In January researchers reported that six choroideremia patients had been treated with adeno-associated virus with a copy of REP1. Over a six-month to two-year period all had improved their sight. By 2016, 32 patients had been treated with positive results and researchers were hopeful the treatment would be long-lasting. Choroideremia is an inherited genetic eye disease with no approved treatment, leading to loss of sight.
In March researchers reported that 12 HIV patients had been treated since 2009 in a trial with a genetically engineered virus with a rare mutation (CCR5 deficiency) known to protect against HIV with promising results.
In February LentiGlobin BB305, a gene therapy treatment undergoing clinical trials for treatment of beta thalassemia gained FDA "breakthrough" status after several patients were able to forgo the frequent blood transfusions usually required to treat the disease.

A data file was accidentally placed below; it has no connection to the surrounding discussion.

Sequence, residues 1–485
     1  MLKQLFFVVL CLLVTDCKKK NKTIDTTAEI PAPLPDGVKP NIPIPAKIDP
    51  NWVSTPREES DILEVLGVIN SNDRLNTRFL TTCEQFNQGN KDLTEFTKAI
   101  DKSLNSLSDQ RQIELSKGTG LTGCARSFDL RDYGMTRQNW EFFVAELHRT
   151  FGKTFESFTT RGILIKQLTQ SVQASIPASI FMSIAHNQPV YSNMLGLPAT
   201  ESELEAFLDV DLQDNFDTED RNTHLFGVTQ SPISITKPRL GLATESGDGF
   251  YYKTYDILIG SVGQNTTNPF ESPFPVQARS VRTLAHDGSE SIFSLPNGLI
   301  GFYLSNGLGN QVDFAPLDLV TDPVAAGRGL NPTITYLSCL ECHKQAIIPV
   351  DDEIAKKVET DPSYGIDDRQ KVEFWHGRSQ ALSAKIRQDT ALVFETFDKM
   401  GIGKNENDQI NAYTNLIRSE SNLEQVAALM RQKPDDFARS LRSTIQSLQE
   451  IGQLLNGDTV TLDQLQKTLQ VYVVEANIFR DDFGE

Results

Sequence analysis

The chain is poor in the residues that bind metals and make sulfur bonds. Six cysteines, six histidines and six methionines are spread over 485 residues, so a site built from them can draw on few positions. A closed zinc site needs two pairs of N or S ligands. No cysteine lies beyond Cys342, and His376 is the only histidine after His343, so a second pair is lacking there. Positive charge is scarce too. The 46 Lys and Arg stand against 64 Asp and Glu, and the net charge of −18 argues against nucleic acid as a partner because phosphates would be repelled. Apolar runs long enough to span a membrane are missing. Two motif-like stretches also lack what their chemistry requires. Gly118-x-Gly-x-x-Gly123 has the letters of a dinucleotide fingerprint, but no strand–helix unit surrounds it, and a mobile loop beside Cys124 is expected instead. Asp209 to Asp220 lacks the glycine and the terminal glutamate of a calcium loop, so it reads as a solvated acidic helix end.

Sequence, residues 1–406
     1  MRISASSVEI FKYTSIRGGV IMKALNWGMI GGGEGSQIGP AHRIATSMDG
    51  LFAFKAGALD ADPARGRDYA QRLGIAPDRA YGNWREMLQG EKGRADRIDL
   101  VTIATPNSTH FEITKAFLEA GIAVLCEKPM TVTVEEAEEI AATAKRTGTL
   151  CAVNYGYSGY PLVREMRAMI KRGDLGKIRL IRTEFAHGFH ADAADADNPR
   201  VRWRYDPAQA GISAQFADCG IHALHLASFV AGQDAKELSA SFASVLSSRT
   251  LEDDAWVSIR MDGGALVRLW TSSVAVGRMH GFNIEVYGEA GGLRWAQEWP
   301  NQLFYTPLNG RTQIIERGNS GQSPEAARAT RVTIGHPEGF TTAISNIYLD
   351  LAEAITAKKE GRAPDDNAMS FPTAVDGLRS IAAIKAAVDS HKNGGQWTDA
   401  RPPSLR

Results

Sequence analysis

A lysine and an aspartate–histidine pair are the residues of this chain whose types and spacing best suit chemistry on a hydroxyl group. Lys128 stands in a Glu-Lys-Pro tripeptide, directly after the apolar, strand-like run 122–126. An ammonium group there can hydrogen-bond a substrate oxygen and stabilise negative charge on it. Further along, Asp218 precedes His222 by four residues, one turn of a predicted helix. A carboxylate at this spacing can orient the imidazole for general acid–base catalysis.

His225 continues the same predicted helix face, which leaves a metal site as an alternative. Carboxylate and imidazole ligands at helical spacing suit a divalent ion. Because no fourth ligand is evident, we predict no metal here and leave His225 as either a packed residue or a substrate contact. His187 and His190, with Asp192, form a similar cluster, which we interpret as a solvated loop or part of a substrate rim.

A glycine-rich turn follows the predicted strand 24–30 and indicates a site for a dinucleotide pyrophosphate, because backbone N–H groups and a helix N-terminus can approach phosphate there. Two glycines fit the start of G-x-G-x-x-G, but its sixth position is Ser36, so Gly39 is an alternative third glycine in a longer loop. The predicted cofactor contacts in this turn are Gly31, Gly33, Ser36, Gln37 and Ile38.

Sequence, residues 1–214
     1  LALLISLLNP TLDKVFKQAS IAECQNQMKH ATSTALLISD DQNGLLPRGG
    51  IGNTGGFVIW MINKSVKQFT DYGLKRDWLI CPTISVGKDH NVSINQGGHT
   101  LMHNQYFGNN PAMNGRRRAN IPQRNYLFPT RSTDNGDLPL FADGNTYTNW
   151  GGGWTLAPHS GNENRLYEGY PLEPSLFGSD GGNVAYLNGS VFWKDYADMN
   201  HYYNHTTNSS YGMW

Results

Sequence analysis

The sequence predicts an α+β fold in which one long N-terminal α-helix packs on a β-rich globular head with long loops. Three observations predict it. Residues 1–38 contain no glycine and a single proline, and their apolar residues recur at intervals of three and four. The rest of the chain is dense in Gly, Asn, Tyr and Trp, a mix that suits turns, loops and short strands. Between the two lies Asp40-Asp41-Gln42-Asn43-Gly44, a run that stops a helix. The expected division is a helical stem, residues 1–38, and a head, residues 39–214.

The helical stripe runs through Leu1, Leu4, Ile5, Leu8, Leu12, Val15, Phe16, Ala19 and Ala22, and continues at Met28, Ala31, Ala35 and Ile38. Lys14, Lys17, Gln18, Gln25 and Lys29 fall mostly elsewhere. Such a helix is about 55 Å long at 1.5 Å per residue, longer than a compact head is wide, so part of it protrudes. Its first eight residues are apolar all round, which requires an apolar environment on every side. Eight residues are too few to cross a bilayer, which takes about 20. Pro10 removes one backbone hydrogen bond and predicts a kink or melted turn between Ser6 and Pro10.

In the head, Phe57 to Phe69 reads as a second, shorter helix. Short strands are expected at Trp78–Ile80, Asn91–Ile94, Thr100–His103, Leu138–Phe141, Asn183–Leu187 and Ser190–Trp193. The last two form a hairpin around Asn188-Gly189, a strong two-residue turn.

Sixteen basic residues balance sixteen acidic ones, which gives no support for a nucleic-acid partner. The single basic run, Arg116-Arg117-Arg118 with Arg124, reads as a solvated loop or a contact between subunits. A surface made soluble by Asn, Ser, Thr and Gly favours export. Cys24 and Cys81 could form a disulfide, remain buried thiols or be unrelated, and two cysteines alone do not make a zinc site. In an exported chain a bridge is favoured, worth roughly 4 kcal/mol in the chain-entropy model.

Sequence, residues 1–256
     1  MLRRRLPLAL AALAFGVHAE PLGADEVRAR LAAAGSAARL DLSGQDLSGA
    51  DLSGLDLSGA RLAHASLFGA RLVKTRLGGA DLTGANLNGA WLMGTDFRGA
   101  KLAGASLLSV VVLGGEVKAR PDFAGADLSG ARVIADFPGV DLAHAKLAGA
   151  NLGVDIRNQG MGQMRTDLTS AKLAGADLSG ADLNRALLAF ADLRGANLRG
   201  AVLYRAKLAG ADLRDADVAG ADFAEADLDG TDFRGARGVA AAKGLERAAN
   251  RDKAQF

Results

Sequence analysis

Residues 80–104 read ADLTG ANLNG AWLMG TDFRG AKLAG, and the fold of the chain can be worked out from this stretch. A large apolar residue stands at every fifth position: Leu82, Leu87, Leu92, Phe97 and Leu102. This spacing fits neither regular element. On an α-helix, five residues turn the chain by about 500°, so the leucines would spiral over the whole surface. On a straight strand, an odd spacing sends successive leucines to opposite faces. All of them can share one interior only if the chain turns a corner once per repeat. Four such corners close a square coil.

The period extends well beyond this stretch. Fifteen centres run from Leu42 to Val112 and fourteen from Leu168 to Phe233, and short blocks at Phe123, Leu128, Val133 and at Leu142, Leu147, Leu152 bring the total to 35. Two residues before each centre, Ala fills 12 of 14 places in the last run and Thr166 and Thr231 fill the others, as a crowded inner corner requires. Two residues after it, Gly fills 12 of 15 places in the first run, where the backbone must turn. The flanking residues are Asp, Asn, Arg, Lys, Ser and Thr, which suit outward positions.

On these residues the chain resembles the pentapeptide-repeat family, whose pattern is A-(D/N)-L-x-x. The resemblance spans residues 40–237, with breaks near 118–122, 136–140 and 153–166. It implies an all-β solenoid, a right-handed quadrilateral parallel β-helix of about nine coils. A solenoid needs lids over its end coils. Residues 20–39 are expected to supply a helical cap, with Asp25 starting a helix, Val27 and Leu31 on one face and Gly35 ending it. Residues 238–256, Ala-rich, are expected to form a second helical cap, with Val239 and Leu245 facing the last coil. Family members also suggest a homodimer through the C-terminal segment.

In March researchers delivered a recombinant gene encoding a broadly neutralizing antibody into monkeys infected with simian HIV; the monkeys' cells produced the antibody, which cleared them of HIV. The technique is named immunoprophylaxis by gene transfer (IGT). Animal tests for antibodies to ebola, malaria, influenza, and hepatitis were underway.
In March, scientists, including an inventor of CRISPR, Jennifer Doudna, urged a worldwide moratorium on germline gene therapy, writing "scientists should avoid even attempting, in lax jurisdictions, germline genome modification for clinical application in humans" until the full implications "are discussed among scientific and governmental organizations".
In October, researchers announced that they had treated a baby girl, Layla Richards, with an experimental treatment using donor T-cells genetically engineered using TALEN to attack cancer cells. One year after the treatment she was still free of her cancer (a highly aggressive form of acute lymphoblastic leukaemia [ALL]). Children with highly aggressive ALL normally have a very poor prognosis and Layla's disease had been regarded as terminal before the treatment.
In December, scientists of major world academies called for a moratorium on inheritable human genome edits, including those related to CRISPR-Cas9 technologies but that basic research including embryo gene editing should continue.